September 3, 2018
John McCain, a Vietnam War hero, was elected to the U.S. House of Representatives from Arizona in 1982 and elected to the Senate in 1986. As President Obama mentioned at his memorial service last Saturday, the Senator was a conservative Republican, but his more than three decades of work in the Senate was underscored by bipartisanship and political courage which often put him in conflict with his own party (*).
In 1955 John F. Kennedy, at the time a junior senator from Massachusetts, published his Pulitzer Prize winning book “Profiles in Courage” on eight of his historical colleagues for their acts of courage and integrity in the face of overwhelming opposition. Looking at the respect shown to Senator McCain across America’s political spectrum, one can assume that he too might have figured among them had the book been written today.
In 1994, John McCain co-sponsored a bill with Senator John Kerry that called for ending economic sanctions against Vietnam. In 2000, during a visit to Vietnam, he said that he could not yet forgive the guards who kept him at Hoa Lo Prison. Talking to reporters he also said: “I think the wrong guys won. I think that they lost millions of their best people who left by boat, thousands by execution and hundreds of thousands to reeducation camps.” Nonetheless, he became an ardent supporter of normalizing relations with America’s former adversary. He may have concluded eventually that the Vietnam war was not exactly the right war and cruelty in war knows no boundaries.
The Memorial Service held for Senator John McCain at the Washington National Cathedral last Saturday was a remarkable event. A Washington Post article said, “The funeral served as a robust and united defense of the Washington institutions that have been a cornerstone of American democracy and that Trump has sought to undermine” (**).
Those who had the privilege of addressing not only those present there but also millions of others who watched the ceremony on their television screens, made eloquent remarks which underlined why they had so much respect for him. Senator McCain was an outspoken critic of President Trump. And, those speakers without calling names also censured him. Hopefully, what they said will reflect positively on American politics.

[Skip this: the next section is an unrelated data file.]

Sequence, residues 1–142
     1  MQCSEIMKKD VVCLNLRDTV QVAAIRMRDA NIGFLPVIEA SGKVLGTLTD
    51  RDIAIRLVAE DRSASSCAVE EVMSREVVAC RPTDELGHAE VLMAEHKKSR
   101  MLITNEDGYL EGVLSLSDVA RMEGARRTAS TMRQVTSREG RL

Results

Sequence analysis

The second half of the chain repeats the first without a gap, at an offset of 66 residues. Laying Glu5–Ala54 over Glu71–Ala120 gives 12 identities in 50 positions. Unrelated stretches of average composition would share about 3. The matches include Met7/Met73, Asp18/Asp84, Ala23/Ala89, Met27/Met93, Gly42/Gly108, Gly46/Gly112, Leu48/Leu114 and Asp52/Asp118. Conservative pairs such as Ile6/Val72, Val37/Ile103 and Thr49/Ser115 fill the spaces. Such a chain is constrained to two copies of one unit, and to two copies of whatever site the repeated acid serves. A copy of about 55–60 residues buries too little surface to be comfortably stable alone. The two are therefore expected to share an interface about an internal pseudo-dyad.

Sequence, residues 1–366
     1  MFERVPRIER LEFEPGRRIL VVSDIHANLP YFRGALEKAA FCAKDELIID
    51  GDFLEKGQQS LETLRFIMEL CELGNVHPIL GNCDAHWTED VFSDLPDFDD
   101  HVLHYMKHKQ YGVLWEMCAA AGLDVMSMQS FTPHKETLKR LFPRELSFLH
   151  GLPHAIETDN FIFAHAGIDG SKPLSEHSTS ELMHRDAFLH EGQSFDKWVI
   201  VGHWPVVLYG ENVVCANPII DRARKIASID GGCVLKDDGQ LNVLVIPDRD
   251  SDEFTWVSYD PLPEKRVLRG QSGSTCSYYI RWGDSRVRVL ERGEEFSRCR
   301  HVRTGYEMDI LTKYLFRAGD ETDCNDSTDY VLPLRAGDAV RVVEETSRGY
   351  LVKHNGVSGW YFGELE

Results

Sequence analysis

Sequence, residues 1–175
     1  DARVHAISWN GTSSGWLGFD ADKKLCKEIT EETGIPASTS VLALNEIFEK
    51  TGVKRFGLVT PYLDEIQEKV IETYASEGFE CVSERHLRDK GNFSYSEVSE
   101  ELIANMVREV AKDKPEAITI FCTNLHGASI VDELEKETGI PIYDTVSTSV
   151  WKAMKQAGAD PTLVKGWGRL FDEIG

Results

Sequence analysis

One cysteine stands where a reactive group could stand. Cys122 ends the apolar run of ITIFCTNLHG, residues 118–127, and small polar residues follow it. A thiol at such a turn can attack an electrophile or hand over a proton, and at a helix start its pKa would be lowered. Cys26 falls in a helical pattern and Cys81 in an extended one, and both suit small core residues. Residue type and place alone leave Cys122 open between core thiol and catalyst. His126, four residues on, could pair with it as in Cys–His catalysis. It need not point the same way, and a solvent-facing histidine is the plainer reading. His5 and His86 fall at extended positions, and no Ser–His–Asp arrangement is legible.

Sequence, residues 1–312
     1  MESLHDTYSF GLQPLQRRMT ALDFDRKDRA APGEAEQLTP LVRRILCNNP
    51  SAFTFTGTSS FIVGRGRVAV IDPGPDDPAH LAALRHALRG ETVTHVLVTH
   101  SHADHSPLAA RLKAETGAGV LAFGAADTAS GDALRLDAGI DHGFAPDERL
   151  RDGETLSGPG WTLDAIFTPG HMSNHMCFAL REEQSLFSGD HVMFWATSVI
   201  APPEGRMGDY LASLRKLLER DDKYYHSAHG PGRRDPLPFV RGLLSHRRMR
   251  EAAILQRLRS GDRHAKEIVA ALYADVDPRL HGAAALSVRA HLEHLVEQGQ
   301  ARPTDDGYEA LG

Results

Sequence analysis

The following are excerpts from President Obama’s remarks:
“And much has been said this week about what a maverick John was. Now, in fact, John was a pretty conservative guy. Trust me: I was on the receiving end of some of those votes. But he did understand that some principles transcend politics, that some values transcend party. He considered it part of his duty to uphold those principles and uphold those values. John cared about the institutions of self-government, our Constitution, our Bill of Rights, rule of law, separation of powers, even the arcane rules and procedures of the Senate. He knew that in a nation as big and boisterous and diverse as ours, those institutions, those rules, those norms are what bind us together. They give shape and order to our common life, even when we disagree. Especially when we disagree.
“John believed in honest argument and hearing other views. He understood that if we get in the habit of bending the truth to suit political expediency or party orthodoxy, our democracy will not work. That’s why he was willing to buck his own party at times, occasionally work across the aisle on campaign-finance reform and immigration reform. That’s why he championed a free and independent press as vital to our democratic debate. And the fact that it earned him some good coverage didn’t hurt either….
“And finally, while John and I disagreed on all kinds of foreign-policy issues… But John understood that our security and our influence was won not just by our military might, not just by our wealth, not just by our ability to bend others to our will, but from our capacity to inspire others with our adherence to a set of universal values, like rule of law and human rights, and an insistence on the God-given dignity of every human being…
“… we enjoyed the time we shared away from the bright lights. And we laughed with each other. And we learned from each other. And we never doubted the other man’s sincerity or the other man’s patriotism, or that when all was said and done, we were on the same team. We never doubted we were on the same team…” (emphasis added)
What Mr. Obama highlighted in Washington is more than relevant to Turkey’s declining democracy and political culture. Turkish politicians should take a close look at John McCain’s years at the U.S. Senate, particularly on political courage, bipartisanship and rising above party interests. And again, they should study the lessons in John F. Kennedy’s “Profiles in Courage”. The book was translated into Turkish years ago, but printed copies are no longer available. Somebody should make sure that the book is reprinted and made available not only to the members of the parliament but also the Turkish public craving for some display of political daring.